Tuesday, June 24, 2014

What OW Can Teach Us About Building a Better Hero

There's been a lot--possibly too much--said about the Ordain Women "movement" (can we call it a movement when it's so tiny?) lately. This isn't a religion blog, but today a comment on a Facebook thread abut OW struck me. The commenter was an LDS woman who mentioned that she had two friends, who had been leaders in the young woman's program, resign their church memberships and even divorce their husbands over the controversy.

These women were demonstrably strong and, just like that, they... weren't. If we look at the church as a fantasy magic system, the antagonist just scored some major points, yes?

This got me thinking about Kaladin in Words of Radiance, Brandon Sanderson's brilliant second book in his Stormlight Archive series.

Kaladin is one of the most heroic heroes I've ever met. [Minor Way of Kings Spoiler Alert] Kaladin started as a gentle surgeon's apprentice, went to war to protect his younger brother, lost his younger brother, stayed at war to protect others who were weak, became a powerful leader, lost everything, lost everything a few more times, wound up bound to a living hell, crawled from the literal and figurative pit to lead others once again, and ended up by the end of the first book a legendary figure who had saved thousands of lives and elevated himself and his friends from dust to eye-popping influence.

If there is something you need done, Kaladin can get it done. Something killed, someone protected, a battle won, a puzzle solved, a life saved: Kaladin can do it all. Lesser men should just stand aside, for Kaladin is IT. A leader of leaders, a friend of the fallen, inspirational and awesome. 

But, as Mr. Sanderson knows better than any of us poor imitators, flawless characters are rather boring in book two. (True in fiction, true in life.)

I'm not going to spoil Words of Radiance, since the book is 1008 pages long and has been out for less than a year, but know this: Kaladin is also deeply flawed, and one main flaw prevents him from becoming EVEN MORE AWESOME than he was at the end of Way of Kings. That flaw comes this-close to destroying all the good he was trying to accomplish. Clinging to that flaw, in fact, LOST HIM a great measure of the good he had already accomplished.

Only when he overcomes that flaw can he come into his full measure of awesomeness. And. It. Is. Awesome.

Mr. Sanderson is brilliant. Lesser authors would have struggled to tear down such a paragon of all things good as Kaladin had become. His strategy, though, is rather timeless: he took Kaladin's greatest strength and then simply made Kaladin RELY ON IT. Kaladin was a great leader? What if Kaladin was unwilling to follow? Kaladin was a friend to the underclasses? What if he held the upperclasses in contempt? Kaladin was great at surviving hardship? What if he accepted hardship as solely the work of cruel fate, and took no personal responsibility in the events that shaped him?

I'll stop there: read The Stormlight Archive. You'll thank me.

Let's discuss someone who is even better than Brandon Sanderson at taking extreme strength and turning it into weakness. Someone, perhaps, who was once called the Son of the Morning, but became the Father of Lies. What would HE do if he wanted to turn our greatest strengths into our greatest weaknesses? How would he convince a strong, intelligent, faithful woman to turn her back on the power she'd embraced since birth? How would he convince others to follow her? How would he convince them all that everything they once knew to be true was flawed, rotted, and powerless?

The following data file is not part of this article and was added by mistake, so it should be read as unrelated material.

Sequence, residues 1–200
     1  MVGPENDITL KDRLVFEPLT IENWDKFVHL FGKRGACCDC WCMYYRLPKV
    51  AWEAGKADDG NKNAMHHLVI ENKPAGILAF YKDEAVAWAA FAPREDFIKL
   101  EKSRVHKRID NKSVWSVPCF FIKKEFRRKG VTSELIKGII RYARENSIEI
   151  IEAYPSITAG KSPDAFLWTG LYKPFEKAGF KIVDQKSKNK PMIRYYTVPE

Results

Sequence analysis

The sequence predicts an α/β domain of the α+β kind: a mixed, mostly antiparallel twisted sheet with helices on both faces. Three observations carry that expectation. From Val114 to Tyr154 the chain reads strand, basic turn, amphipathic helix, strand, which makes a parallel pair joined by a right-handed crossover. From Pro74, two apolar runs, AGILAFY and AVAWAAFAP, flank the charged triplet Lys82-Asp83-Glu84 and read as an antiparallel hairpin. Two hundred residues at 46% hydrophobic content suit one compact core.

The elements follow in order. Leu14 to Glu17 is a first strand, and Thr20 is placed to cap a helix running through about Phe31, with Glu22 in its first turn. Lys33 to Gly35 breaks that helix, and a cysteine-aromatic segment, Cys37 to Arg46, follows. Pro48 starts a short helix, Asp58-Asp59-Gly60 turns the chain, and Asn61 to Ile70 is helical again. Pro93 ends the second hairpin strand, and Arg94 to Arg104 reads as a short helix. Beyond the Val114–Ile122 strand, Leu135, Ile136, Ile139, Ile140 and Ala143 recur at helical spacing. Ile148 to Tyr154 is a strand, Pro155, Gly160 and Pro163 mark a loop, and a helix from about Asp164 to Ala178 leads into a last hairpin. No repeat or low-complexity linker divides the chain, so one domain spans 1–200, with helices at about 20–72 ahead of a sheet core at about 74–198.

The strong can be too strong when they rely only on their own strength.

The intelligent can become idiots when they erroneously believe themselves the masters of all knowledge.

The faithful can become apostates when their faith turns inward instead of upward.

Do you have a character in your WIP who needs to be taken down a notch or two? Have you someone in your story who hasn't quite suffered enough for true change? Perhaps you should stop building in extra weaknesses and start inflating their strengths. Tell him he's wonderful, that he's always right, and that others--especially those the character himself has always looked to for guidance--would be wise to heed his counsel. Convince her she's invincible. Whisper that she's infallible. Let her glory in the wonderous joy of being practically perfect in every way.

Then just turn them loose and watch them fall. 

Won't that be awesome? Insta-tenderized characters all set for your build-them-back-up plot lines. Wiser and humbler and far more teachable heroes ready to step onto the higher plane of powerful perfection. And all you need to do is knock them off the pedestal you convinced them they belonged on. Spectacular fall, hard rebuild, fantastic end.

Just what every writer--or human--needs.

On a more serious note, my wise friend Jared Garrett posted an excellent commentary on Facebook yesterday that basically reminded all of us that 1) the best discipline is all about RETURNING someone to grace, and 2) exulting in anyone's fall from grace is... bad. Real bad. 

Let's all be like my friend, Donna Weaver, who, while she was reading the bad-Kaladin parts of Words of Radiance, kept texting me, seeking reassurance that her beloved hero would come out right in the end. Who was so agonized over his slightly less-awesome decisions that she wanted to avert her eyes and not finish reading it at all. Who loved him too much to take joy in watching him squander his potential.

None of us have seen the endings of our real-life stories. It would behoove us all to check our judgment of others and to take careful inventory of our own strengths, lest we, like Kaladin and so many others, fall prey to the oldest trick in the book.

So what's your favorite way to tear your hero to shreds?

Tuesday, June 17, 2014

What I've Been Doing Instead of Writing

I'm planning to get better at blogging. Soon. I AM! If nothing else, I have hours of notes from writer's conferences to share, and heaven knows I need to have some sort of accountability to get back to writing.

Lately, though, other things have been more important (I know, I know, incredible but true). The end of school was... time consuming. We made it, and everyone is advancing to the next grade, but it was touch-and-go. One young son was one retake away from summer school. (He utterly aced the retake, by the way, proving he's smart enough, if we can find a way to motivate him to study. Money will be involved next year.)